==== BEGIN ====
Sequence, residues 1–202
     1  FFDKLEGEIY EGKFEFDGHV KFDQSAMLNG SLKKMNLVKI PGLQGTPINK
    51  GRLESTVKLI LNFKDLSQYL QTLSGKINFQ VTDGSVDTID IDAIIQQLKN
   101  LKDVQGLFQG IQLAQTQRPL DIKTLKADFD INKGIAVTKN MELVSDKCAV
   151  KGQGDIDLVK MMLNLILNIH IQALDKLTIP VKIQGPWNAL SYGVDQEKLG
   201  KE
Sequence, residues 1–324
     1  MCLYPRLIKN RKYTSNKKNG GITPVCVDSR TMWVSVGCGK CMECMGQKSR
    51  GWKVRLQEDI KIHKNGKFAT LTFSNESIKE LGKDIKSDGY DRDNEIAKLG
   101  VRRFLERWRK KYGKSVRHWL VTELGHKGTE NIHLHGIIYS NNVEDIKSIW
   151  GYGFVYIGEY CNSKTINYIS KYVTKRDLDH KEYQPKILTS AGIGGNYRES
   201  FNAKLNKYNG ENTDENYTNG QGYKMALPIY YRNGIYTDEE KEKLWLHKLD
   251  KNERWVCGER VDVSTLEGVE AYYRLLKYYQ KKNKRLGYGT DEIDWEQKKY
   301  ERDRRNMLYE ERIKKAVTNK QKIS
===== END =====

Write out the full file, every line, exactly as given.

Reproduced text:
Sequence, residues 1–202
     1  FFDKLEGEIY EGKFEFDGHV KFDQSAMLNG SLKKMNLVKI PGLQGTPINK
    51  GRLESTVKLI LNFKDLSQYL QTLSGKINFQ VTDGSVDTID IDAIIQQLKN
   101  LKDVQGLFQG IQLAQTQRPL DIKTLKADFD INKGIAVTKN MELVSDKCAV
   151  KGQGDIDLVK MMLNLILNIH IQALDKLTIP VKIQGPWNAL SYGVDQEKLG
   201  KE
Sequence, residues 1–324
     1  MCLYPRLIKN RKYTSNKKNG GITPVCVDSR TMWVSVGCGK CMECMGQKSR
    51  GWKVRLQEDI KIHKNGKFAT LTFSNESIKE LGKDIKSDGY DRDNEIAKLG
   101  VRRFLERWRK KYGKSVRHWL VTELGHKGTE NIHLHGIIYS NNVEDIKSIW
   151  GYGFVYIGEY CNSKTINYIS KYVTKRDLDH KEYQPKILTS AGIGGNYRES
   201  FNAKLNKYNG ENTDENYTNG QGYKMALPIY YRNGIYTDEE KEKLWLHKLD
   251  KNERWVCGER VDVSTLEGVE AYYRLLKYYQ KKNKRLGYGT DEIDWEQKKY
   301  ERDRRNMLYE ERIKKAVTNK QKIS